The first thing that comes to mind is most likely a car, one that maximizes gas mileage and has a positive impact on the environment. But much like the auto industry, nursing has had to figure out a way to move forward in changing times — which has turned out to be a hybrid of hands-on and technology-driven learning.
Conducted in Q4 2020, the Future of Technology in Nursing Education survey — jointly conducted by Wolters Kluwer and the National League for Nursing (NLN) — evidenced one distinct fact: in the face of a raging pandemic, nursing education had no choice but to shift gears. Before Covid-19, a majority of nursing programs used in-person, classroom education. A small percentage (20%) leaned toward a mix of online and in-person learning. That all changed in March 2020 with the widespread adoption of virtual learning.
From in-person to online – learning transformed
The move from in-person to online was swift and immediate, out of necessity. 73% of fully classroom programs switched to online. As the virus’ progression has begun to abate and vaccines are fully available, programs are embracing a more hybrid concept, a blend of both types of learning. These new approaches have driven significant changes in the world of nursing education.
Acceleration of new technology adoption
In 2016, when Wolters Kluwer and NLN first conducted their first survey, 65% of educators expected their programs to use online/distance learning by 2020. Fast forward to 2020, where 93% used online/distance learning. Virtual simulation experienced similar gains (87% in 2020 vs. 63% in 2016). Educators predict the technologies that are currently being adopted at a faster pace because of the pandemic will maintain the pace through 2025. They believe a robust adoption rate (75% or above) is viable for virtual simulation, online learning, learning management systems, video for skills, secure exam delivery, adaptive quizzing, electronic health record (EHR) applications, and video conferencing by then.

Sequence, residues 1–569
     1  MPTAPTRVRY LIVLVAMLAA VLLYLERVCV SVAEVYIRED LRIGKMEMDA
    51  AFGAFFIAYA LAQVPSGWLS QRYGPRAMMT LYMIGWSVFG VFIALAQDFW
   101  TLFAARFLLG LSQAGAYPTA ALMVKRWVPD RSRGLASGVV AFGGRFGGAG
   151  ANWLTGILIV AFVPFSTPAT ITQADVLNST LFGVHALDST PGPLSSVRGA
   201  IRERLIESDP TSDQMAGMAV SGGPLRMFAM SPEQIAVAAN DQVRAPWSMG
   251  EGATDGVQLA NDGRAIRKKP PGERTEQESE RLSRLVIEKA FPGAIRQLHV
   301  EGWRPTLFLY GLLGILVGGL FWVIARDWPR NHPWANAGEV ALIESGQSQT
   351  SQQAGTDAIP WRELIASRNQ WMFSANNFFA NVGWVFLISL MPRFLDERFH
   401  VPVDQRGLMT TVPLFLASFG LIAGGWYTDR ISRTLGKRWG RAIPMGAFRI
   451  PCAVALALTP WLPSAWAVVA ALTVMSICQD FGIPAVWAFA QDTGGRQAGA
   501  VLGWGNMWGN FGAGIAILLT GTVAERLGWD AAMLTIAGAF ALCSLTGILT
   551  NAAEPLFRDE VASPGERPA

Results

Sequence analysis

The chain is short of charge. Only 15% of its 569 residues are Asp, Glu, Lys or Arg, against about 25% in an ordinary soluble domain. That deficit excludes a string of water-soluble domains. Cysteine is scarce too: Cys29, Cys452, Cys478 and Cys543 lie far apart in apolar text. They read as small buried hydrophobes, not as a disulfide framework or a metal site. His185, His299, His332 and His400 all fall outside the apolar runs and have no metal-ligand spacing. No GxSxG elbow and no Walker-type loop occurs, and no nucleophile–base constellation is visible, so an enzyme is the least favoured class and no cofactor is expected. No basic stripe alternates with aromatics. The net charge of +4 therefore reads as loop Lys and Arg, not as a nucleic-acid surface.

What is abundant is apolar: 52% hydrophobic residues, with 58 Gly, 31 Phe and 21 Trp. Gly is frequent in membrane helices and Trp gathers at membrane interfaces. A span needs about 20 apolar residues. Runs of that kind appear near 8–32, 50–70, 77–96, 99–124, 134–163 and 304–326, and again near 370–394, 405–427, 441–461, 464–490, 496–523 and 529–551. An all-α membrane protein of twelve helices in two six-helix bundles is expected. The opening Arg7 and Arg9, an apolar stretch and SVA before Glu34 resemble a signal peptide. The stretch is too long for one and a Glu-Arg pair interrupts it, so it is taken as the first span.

Adoption of technologies may vary, though. For instance, programs with more than 150 students are more likely to adopt new technology than those with fewer students. And those programs making changes to their curriculum to prepare for the Next Generation NCLEX® exam are more likely to adopt new technologies over the next five years.
State nursing boards played a role in advancing technology
Many state nursing boards boosted the simulation share of clinical time during the pandemic. Simulation allows students to go ahead and make mistakes in high-fidelity simulated situations, then understand the consequences so they don’t make the same ones again in real-world clinical settings.
These changes may, in some cases, extend beyond the pandemic, although some expect to move back to pre-pandemic levels of simulation learning. More than half (51%) of those who say their state boards increased the share of simulation also expect the boards will either keep the new levels allowed (17% of respondents), or reduce the levels but keep it above pre-pandemic simulation share allowed (37% of respondents).
The future is in the hybrid model
Even as technology is being embraced, there are still challenges to adoption — particularly lack of funding, which impacts universities more so than community colleges. 65% of programs have developed their own rendition of pandemic hybrid learning, which affords a needed level of student safety, along with the necessary clinical training.
It’s yet to be seen whether hybrid learning will have an impact on test scores or quality of education. But for now, this ability of meshed learning styles to allow nursing students to continue their education is one of the most hopeful things to come out of the pandemic.